Gonzaga Bulldogs: WCC Outlook: All Bark or Still a Bite?
Nearing the halfway point of the WCC schedule, the Zags find themselves in their familiar spot of first place. However, at times this year, the Zags have shows an Achilles heel or two along the way—and have just been fortunate that these have come in their non-conference schedule.
In order for the Zags to win their 11th regular-season division championship in the last 12 years, there are a few key components that will be critical to their success or failure:
1) Ignore the Media
The Zags should avoid reading (or at least believing) any of the press. When it's good, they can fall to a team that they should beat. If its bad, they seem to believe it, and start a mini-slide. One of the key factors to judge if they aren't being "themselves" is the color of Coach Few's face at the eight or 10-minute mark of the first half.
If it's in the crimson-spectrum, somebody forgot their identity—or their assignment. The Zags need to know they are better than the opponent, and play like it. It may sound like a cliche, but with such a young bench in a tightening division—it still fits.
2) Show Their Age
The Zags start three Seniors, supported by a couple of strong Juniors. These guys need to play like it. If you've watched the games I have, you've seen the occasional lapses, the showboat plays, and the occasional "what the..?" moments.
Yes, this is the college game, but these guys should show what four yrs of a Few-caliber team can do. No more silly mistakes. Knowing where you are on the floor, what the score is, etc. Think of Chris Webber in the NCAA Championship, and then do the opposite.
3) Never forget a lesson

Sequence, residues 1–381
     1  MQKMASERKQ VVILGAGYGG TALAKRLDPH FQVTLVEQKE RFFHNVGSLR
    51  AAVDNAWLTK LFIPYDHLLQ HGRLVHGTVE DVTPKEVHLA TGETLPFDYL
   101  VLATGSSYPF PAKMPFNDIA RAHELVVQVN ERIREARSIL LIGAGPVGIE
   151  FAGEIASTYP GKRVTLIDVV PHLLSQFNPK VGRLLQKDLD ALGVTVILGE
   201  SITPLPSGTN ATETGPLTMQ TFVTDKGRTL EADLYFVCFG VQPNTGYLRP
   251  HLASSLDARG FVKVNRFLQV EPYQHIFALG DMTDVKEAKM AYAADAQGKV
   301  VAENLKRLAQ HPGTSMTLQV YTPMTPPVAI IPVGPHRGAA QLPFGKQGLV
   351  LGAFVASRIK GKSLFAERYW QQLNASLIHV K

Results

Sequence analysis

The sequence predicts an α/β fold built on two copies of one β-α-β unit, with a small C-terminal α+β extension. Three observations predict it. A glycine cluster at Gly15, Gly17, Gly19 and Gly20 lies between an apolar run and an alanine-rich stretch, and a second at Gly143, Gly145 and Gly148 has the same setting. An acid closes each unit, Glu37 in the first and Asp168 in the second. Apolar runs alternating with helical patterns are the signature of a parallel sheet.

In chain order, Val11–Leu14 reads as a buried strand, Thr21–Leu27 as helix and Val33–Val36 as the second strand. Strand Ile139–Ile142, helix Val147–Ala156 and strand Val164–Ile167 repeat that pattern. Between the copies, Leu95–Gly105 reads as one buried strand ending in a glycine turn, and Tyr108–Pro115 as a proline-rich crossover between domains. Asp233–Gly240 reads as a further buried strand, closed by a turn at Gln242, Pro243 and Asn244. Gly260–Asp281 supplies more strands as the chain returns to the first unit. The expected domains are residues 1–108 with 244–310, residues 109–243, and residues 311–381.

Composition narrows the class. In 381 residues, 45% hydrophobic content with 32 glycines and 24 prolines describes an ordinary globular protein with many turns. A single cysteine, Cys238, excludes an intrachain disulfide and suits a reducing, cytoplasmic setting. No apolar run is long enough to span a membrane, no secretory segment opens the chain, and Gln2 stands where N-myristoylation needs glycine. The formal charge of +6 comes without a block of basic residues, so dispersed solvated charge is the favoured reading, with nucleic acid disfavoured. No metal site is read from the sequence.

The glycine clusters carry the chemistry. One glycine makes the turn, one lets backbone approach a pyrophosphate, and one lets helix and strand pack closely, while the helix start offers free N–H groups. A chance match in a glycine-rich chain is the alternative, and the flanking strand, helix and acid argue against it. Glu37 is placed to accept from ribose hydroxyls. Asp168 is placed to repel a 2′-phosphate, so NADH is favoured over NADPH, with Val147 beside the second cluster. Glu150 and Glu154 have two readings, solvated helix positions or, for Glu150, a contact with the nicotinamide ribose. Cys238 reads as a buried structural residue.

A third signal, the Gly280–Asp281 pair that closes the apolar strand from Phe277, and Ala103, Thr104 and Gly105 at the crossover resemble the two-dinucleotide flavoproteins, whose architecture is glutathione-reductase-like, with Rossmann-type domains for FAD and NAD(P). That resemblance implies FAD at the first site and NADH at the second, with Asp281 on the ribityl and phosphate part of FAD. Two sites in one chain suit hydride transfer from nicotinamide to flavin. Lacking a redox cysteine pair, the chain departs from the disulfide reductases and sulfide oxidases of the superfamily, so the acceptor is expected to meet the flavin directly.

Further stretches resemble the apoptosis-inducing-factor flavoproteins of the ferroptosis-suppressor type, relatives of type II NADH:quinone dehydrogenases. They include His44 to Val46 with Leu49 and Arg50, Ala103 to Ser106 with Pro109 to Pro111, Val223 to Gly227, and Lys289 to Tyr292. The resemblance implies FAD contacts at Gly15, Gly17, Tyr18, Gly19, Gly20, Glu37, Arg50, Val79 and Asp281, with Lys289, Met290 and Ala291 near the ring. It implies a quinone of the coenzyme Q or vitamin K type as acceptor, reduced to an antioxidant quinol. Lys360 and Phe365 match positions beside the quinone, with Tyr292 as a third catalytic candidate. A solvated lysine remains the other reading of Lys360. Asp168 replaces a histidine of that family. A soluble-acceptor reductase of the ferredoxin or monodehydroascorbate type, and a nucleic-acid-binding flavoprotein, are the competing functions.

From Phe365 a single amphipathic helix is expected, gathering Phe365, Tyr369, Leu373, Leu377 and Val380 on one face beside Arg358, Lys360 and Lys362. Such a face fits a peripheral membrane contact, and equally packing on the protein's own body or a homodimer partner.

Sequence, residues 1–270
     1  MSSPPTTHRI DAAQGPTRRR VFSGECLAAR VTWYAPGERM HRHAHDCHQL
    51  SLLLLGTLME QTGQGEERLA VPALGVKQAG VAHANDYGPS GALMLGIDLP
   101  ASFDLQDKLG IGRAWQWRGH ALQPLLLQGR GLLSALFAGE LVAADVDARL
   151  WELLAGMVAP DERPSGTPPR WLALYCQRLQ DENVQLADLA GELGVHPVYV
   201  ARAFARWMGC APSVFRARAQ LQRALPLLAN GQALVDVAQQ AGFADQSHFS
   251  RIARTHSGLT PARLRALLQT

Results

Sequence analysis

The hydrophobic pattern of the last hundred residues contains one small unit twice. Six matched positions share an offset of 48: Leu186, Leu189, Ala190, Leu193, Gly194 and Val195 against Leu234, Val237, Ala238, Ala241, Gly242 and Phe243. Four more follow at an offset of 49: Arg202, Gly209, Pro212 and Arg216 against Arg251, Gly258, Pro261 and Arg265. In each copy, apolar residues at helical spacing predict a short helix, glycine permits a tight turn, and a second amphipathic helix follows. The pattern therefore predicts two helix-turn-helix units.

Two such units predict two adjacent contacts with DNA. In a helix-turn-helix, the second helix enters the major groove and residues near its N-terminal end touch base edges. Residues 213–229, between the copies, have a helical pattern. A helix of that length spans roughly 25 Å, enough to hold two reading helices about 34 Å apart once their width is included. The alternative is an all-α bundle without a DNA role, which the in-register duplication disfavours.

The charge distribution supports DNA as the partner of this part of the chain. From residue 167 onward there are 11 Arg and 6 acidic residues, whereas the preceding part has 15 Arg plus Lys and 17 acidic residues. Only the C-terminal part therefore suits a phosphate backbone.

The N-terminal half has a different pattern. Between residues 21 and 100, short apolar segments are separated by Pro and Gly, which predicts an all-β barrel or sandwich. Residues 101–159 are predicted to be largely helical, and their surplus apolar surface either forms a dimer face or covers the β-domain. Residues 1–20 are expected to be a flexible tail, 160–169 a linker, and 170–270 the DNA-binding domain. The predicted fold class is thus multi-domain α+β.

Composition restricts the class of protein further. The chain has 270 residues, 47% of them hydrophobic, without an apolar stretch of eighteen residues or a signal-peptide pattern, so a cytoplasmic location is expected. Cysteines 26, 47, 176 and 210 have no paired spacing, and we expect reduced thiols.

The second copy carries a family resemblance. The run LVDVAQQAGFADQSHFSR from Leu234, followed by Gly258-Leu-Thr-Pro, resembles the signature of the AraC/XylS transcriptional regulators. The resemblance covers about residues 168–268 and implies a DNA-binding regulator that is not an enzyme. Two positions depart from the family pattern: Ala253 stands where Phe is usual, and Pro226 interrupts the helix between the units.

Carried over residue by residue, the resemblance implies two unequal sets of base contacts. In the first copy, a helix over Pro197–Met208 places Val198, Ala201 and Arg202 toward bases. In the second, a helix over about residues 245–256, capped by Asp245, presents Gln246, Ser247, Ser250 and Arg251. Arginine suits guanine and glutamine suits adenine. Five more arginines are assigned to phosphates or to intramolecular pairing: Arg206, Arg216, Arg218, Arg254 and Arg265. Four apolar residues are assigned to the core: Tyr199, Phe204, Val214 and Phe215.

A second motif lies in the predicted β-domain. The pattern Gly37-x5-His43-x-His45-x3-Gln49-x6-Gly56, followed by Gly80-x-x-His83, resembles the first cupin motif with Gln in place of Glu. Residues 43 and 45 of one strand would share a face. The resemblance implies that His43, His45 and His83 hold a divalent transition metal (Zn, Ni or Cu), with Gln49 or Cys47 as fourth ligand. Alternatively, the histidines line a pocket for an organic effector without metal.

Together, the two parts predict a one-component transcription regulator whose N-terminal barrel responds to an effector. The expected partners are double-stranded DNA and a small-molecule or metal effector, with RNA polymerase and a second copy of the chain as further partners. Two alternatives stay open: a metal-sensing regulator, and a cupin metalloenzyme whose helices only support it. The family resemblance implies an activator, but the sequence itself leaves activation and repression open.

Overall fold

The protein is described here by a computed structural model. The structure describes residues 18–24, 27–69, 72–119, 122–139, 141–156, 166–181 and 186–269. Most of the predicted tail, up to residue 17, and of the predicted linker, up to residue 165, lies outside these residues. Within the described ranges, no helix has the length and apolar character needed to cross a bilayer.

These Bulldogs have played some tough games. They've lost some heart-breakers. With one or two fewer lapses (see No. 2) they've had beaten Connecticut in Seattle, which could have set the tone.
As it stands, they bookended it with a couple other losses, and in order to get through their conference and the dance, they need to remember the losses. Not just the punch in the gut from the loss, but the "make one more pass", "finish", and "fundamentals" lessons from along the way.
4) Love the bulls-eye
The past decade has put Gonzaga near the top of D-1 ball. This means that every team will be out to get them. In their division, they are now the only game that counts. Many of the teams aren't going to any tourneys—but want a piece of the big dog to make their season.
Used to be the Dogs could sneak up on people, now they have to make sure no one sneaks up on them. The Zags can be like Rocky Balboa against Clubber Lang in the final bout - each punch the opponent throws, the Zags just smile and say "You ain't so bad!"
5) Bouldin. Downs. Daye.
Sure, Pargo and Heytvelt are the easy picks for key players, but from my perspective these three are the engine that makes things go.
Bouldin can either be the stabilizing force, or the disruptive one. When he's making plays, the Zags are usually winning.
Downs fills in the gaps, and plays at 10,000 rpm every time he's in there. His fire is infectious, and the Zags need that spark.
Daye's the wild card. Every so often, he's two years from High School—then suddenly he's two years from going pro. He can take over a game, crash the glass, and finish with authority. His ability to transition from Sophomore role player to Junior leader will be a huge factor in the length of the Bulldogs season.
6) Finish him!
In the old Mortal Kombat games, when you had an opponent beaten down, the game would say, "Finish him!!" This is exactly what the Zags need to do. Develop that killer instinct for every game.
In some games we've seen it, but not all. In today's bout with San Diego, it was there. In Thursday night's game, the Zags couldn't put away a team who lost their best scorer to injury.
Sure it's a long season, but the Zags only have eight games left before the WCC Tourney.
The Gonzaga Bulldogs are in great position to keep playing deep into March (or even April). However, the factors above will play a significant role. There are three angry teams within two games of the Zags. Each one of them is good enough to exploit any weakness that is shown.
It really comes down to the fundamentals: Forget your last game. Focus on the challenge at hand. Fill the lane. Finish your opponents.
What is the duplicate article?
Why is this article offensive?
Where is this article plagiarized from?
Why is this article poorly edited?